This set many fans off in a manner I had not seen before, behavior that was rather hard to fathom. While I’ll admit LT has lost a step, he still appears to have more than enough for what the Jets need him to do. The simple truth here is Jones can’t do what LT is being asked to do. It’s not about who would be better suited as a 20-25-carry guy. It’s about changing the pace, catching the ball out of the backfield and keeping opposing defenses off balance.
LT can still do that and do it at a high level. Jones cannot and really has never been that kind of back.
Here’s a little known fact about Tomlinson: We’ve all heard about his injury problems and how he’s no longer even viable as your third running back in fantasy circles, but in his first nine full NFL seasons he missed just three games, even though it felt like he was often in street clothes a lot during the end of his tenure in San Diego.
And many will come at me saying the same logic I use to illustrate Jones’ demise should be used for Tomlinson. LT’s yards-per-carry average has gone backwards over the last four seasons — from 5.2 in 2006 to 3.3 last season. The same man who caught at least 50 balls for eight straight seasons ended up with just 20 receptions in 2009.
But here’s my thinking and I stand by it: Tomlinson was basically healthy all of last season, but only carried the ball 223 times, 69 less than the previous season and 115 fewer than his 2000-07 average. From 2008-09, quarterback Philip Rivers’ pass attempts and yardage went through the roof. Now, should we blame this exclusively on Tomlinson’s apparent demise or would we be better served admitting that the Chargers changed their entire offensive philosophy from ground and pound to a modern day version of “Air Coryell?”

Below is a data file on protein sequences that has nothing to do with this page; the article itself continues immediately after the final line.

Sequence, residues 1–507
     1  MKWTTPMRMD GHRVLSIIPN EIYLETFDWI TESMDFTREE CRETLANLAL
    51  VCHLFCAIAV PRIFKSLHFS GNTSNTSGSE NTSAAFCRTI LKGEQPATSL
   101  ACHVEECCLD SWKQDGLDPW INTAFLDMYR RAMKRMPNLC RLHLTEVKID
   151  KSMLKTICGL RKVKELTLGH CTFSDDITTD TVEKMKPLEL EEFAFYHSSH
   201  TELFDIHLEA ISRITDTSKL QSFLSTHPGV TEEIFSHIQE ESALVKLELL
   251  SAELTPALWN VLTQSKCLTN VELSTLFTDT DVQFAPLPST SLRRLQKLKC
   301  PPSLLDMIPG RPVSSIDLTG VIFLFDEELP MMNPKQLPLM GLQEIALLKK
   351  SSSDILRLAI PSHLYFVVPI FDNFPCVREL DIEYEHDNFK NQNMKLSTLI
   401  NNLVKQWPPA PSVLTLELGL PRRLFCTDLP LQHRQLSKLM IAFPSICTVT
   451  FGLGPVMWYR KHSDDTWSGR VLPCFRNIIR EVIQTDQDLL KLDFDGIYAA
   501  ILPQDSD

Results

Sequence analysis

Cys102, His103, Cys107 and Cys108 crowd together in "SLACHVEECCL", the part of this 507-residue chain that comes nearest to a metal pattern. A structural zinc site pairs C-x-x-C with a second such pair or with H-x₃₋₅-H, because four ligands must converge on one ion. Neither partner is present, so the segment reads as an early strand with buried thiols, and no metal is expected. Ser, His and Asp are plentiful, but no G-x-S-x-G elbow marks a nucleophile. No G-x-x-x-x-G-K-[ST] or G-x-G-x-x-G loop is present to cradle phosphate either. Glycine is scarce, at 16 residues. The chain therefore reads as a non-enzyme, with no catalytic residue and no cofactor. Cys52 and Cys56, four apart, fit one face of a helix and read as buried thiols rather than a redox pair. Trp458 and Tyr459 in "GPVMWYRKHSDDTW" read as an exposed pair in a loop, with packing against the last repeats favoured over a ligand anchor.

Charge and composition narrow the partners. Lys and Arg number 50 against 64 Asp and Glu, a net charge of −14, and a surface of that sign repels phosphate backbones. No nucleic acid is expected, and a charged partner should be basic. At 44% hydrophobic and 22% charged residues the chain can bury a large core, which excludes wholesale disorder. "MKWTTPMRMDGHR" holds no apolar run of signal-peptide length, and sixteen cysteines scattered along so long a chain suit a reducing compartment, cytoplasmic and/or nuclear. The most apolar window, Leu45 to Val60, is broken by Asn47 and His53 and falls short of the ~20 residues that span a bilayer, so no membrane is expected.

I think the Chargers did what they felt would best suit their youth, but I don’t believe for a second they stopped running the football because LT couldn’t bring his “A” game anymore. They still had diminutive-yet-explosive Darren Sproles, but he only averaged 5.8 rushing attempts per game last season.
No, the Chargers changed. LT got older and nicked up, but was still more than capable. He just didn’t see the ball anywhere near as much and his offensive line went from road graters to ultimate pass protectors.
So now Tomlinson is 100 percent healthy and back in his element with the Jets, taking his position behind an offensive line that will run all day and night and pass mostly to keep opponents honest. He’s now a role player asked to take on a pretty darn important weekly task and if need be can be put into the featured back slot and the Jets shouldn’t miss a beat.
Did you watch him in the preseason? Did you like what you saw? Can you muster even one complaint?
It’s a perfect situation for a player longing for redemption in the form of a ring and for a team that wants nothing more than to be champions for the first time since man walked on the moon.
Tomlinson may not say a whole heck of a lot, but when he does it’s often poignant. The Jets may not ask him to take over any games this season, but when he does — and he will — look out.
A lot of people are going to owe this guy a huge apology.
(Jeff Capellini is a senior editorial editor for CBSNewYork.com. He also writes under the moniker “The Green Lantern” on the Jets, Yankees, Islanders and many other things Gotham sports. Please follow him on Twitter at @greenlanternjet)